With plants rebounding (which presupposes the presence of worms, fungi and other ecological partners), mammals and birds quickly returned in force. Wolves, boars, and bears are now back in larger numbers than ever, and birds can be seen flying in and out of the sarcophagus built over the reactor, and even nesting in its cracks. Thompson shares another surprise: with the humans mostly gone, Chernobyl has become a thriving wildlife refuge!
Crucially, the burden brought by radiation at Chernobyl is less severe than the benefits reaped from humans leaving the area. Now essentially one of Europe's largest nature preserves, the ecosystem supports more life than before, even if each individual cycle of that life lasts a little less.
Another surprise is that the people who refused to evacuate appear to be doing better than those who left. Forced resettlement wore evacuees down with anxiety, fear, and personal conflicts. The U.N. report says, "Surveys show that those who remained or returned to their homes coped better with the aftermath than those who were resettled."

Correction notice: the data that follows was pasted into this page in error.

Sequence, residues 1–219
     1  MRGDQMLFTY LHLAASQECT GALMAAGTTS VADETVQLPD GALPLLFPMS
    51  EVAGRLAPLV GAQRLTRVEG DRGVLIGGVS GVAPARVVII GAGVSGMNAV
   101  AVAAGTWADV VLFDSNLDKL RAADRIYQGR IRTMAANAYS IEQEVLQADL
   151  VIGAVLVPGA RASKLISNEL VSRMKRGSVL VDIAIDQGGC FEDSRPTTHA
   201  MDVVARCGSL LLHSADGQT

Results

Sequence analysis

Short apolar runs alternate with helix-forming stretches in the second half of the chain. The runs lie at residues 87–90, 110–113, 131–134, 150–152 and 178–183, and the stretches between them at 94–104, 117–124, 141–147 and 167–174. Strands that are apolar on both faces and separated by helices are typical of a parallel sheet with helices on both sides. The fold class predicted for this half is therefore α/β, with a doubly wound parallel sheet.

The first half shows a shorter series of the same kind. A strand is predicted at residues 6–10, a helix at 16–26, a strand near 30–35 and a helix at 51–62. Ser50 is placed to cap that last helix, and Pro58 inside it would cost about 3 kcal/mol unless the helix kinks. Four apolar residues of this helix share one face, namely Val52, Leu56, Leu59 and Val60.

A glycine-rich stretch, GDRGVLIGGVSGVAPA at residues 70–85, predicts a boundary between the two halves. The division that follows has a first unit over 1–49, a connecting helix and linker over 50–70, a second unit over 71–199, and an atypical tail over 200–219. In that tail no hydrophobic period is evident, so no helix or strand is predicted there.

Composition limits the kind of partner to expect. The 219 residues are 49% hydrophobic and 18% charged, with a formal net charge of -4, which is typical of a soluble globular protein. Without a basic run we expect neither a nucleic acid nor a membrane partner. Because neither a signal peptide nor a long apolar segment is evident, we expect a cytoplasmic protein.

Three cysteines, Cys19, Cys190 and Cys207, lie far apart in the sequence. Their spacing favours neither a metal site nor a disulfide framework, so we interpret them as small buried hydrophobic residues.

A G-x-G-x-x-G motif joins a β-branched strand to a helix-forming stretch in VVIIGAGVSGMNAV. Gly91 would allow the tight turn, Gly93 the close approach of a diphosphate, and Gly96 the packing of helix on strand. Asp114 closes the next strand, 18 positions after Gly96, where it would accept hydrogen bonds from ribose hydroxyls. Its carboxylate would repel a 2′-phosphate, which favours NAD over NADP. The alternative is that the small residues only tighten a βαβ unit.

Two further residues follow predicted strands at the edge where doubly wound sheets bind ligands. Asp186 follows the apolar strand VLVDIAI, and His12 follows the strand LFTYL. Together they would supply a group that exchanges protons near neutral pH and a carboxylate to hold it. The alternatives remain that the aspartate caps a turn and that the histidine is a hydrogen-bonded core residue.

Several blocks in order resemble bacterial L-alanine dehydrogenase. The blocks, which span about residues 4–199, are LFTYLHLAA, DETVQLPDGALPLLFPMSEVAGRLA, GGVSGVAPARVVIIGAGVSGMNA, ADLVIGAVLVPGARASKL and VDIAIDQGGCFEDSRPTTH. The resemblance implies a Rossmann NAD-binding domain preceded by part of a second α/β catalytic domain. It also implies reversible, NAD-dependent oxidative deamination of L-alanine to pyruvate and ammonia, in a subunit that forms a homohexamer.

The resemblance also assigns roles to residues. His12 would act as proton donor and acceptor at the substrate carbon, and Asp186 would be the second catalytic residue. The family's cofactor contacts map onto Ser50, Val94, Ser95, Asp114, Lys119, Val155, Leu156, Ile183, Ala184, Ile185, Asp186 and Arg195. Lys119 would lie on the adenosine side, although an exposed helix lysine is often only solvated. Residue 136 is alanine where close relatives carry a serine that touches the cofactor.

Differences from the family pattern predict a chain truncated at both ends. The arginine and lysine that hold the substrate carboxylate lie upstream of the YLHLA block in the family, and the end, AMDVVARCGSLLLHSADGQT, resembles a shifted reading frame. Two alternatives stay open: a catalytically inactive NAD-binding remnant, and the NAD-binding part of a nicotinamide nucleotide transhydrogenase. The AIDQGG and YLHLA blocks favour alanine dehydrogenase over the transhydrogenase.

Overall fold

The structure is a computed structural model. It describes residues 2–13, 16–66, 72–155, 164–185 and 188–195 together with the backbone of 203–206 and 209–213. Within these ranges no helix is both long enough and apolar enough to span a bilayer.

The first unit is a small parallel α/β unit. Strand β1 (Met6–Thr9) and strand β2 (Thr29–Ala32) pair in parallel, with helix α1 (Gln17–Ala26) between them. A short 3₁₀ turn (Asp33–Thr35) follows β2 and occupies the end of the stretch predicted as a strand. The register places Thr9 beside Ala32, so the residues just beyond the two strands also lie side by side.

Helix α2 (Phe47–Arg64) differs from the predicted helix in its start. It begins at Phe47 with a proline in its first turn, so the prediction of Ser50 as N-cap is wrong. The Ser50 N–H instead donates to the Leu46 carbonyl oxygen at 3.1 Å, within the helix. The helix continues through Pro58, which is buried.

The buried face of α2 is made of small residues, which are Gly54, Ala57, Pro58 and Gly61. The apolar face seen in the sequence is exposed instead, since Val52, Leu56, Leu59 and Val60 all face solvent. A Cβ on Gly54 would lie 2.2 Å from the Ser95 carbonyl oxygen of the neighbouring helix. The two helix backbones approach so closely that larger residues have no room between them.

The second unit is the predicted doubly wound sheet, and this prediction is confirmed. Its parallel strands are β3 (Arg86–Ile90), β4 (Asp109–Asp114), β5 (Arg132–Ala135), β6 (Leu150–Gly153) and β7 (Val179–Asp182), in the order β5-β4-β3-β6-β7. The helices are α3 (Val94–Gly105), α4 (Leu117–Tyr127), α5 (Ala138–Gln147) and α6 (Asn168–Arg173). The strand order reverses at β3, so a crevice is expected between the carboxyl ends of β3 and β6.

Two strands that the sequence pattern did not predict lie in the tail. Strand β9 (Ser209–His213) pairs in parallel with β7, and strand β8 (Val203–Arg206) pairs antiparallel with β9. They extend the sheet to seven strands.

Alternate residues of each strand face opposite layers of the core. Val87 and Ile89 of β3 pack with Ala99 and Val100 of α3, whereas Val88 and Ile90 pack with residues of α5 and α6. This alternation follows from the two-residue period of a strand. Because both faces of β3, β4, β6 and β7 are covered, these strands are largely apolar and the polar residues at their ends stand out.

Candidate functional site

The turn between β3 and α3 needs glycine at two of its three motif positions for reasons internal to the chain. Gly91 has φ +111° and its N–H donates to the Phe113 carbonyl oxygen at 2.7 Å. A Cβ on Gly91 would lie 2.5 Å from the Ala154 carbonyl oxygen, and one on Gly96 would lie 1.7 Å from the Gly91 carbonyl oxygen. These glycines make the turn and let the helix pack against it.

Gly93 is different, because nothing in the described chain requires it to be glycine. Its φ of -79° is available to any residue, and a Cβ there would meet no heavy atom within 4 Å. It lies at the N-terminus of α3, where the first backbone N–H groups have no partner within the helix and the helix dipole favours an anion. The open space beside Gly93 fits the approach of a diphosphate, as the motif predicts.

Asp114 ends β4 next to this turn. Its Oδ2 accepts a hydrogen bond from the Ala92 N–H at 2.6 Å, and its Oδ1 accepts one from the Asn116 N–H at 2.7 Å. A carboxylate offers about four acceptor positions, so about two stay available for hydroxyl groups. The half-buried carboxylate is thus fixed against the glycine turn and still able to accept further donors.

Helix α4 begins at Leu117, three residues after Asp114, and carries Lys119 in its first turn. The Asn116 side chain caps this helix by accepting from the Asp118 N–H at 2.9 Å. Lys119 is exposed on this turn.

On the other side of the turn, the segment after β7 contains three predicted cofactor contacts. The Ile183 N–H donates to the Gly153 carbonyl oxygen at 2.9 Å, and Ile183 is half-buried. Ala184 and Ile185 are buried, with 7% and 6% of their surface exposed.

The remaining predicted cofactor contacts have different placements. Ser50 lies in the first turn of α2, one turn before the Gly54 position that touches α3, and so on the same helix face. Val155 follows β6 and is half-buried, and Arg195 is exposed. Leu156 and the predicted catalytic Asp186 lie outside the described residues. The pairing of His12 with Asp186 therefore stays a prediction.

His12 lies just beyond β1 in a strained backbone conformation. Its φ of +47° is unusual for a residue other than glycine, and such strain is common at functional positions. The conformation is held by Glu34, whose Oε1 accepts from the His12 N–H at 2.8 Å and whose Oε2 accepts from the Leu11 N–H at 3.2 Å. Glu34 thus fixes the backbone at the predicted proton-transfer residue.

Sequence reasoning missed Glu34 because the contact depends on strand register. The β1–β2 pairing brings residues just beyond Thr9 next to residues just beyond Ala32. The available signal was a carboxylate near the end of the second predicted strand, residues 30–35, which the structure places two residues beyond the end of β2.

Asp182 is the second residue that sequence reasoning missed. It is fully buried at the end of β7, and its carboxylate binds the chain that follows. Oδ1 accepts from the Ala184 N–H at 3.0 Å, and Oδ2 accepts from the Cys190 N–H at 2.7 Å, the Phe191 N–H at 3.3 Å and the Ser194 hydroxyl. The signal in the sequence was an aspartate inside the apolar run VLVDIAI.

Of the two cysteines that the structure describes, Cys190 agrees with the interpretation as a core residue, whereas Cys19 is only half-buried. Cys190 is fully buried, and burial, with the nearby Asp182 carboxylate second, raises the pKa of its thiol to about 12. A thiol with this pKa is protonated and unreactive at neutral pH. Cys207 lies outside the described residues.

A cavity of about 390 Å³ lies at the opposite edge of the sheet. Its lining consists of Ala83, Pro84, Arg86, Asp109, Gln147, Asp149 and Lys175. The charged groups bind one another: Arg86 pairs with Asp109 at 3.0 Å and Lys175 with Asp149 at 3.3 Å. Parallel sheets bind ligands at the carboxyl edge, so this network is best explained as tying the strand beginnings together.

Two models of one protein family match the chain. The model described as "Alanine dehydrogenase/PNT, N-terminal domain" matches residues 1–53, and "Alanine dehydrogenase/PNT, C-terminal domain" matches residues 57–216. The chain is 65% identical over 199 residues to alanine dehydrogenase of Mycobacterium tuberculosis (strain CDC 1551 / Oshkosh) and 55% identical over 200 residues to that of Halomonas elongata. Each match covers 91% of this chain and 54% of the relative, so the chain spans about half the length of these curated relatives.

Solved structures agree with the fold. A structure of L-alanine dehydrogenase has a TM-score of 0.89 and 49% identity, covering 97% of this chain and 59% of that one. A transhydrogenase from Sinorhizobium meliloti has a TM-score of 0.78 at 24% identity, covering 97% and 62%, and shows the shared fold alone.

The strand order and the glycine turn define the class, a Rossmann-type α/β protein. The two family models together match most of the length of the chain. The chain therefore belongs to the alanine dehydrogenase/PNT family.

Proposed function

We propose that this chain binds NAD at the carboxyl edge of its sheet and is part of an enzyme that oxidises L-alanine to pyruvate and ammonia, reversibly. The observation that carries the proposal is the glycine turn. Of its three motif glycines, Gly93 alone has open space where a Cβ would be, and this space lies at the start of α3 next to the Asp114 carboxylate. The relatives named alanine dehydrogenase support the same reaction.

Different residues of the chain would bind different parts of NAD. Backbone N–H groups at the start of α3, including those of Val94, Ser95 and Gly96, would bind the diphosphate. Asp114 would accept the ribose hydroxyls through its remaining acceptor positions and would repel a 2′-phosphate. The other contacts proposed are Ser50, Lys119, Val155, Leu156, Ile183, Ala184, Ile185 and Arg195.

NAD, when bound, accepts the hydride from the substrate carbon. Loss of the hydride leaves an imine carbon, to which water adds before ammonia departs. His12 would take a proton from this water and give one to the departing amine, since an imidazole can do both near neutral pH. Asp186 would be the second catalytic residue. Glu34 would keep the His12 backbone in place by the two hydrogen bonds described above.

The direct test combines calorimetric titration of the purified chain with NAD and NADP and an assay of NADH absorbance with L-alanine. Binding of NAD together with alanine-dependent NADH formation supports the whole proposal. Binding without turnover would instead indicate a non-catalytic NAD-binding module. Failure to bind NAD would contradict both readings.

For more astonishment, read "What Bikini Atoll Looks Like Today," at Stanford Magazine. The spot where a hydrogen bomb exploded 62 years ago is once again a tropical paradise, complete with "big healthy coral communities" in the surrounding waters, and schools of fish swimming through the hulks of sunken warships. Despite 23 atomic bomb tests at the atoll, "Ironically, Bikini reefs look better than those in many places she's dived," writes Sam Scott about scuba diver Elora Lopez. "It didn't look like this nightmare-scape that you might expect," she says. "And that's still something that's weird to process."